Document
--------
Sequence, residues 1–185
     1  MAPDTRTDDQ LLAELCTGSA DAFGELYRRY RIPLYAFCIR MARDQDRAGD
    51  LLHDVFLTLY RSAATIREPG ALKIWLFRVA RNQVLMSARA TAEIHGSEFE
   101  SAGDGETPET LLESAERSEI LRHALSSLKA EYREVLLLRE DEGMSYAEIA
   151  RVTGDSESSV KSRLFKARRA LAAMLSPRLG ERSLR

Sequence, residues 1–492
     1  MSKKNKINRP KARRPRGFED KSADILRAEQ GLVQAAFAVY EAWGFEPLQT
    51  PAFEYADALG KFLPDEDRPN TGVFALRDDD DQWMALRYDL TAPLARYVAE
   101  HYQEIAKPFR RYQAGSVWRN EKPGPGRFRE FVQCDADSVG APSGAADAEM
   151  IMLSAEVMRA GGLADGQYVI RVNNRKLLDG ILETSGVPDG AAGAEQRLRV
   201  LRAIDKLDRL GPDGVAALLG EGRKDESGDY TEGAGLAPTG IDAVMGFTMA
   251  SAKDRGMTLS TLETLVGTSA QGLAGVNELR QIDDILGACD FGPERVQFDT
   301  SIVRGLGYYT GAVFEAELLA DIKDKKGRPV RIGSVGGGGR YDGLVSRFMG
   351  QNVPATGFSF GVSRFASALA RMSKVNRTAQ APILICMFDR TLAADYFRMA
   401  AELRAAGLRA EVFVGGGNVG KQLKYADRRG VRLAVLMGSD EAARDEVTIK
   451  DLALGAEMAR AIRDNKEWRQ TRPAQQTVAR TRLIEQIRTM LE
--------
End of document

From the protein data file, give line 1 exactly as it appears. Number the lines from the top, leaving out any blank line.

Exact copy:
Sequence, residues 1–185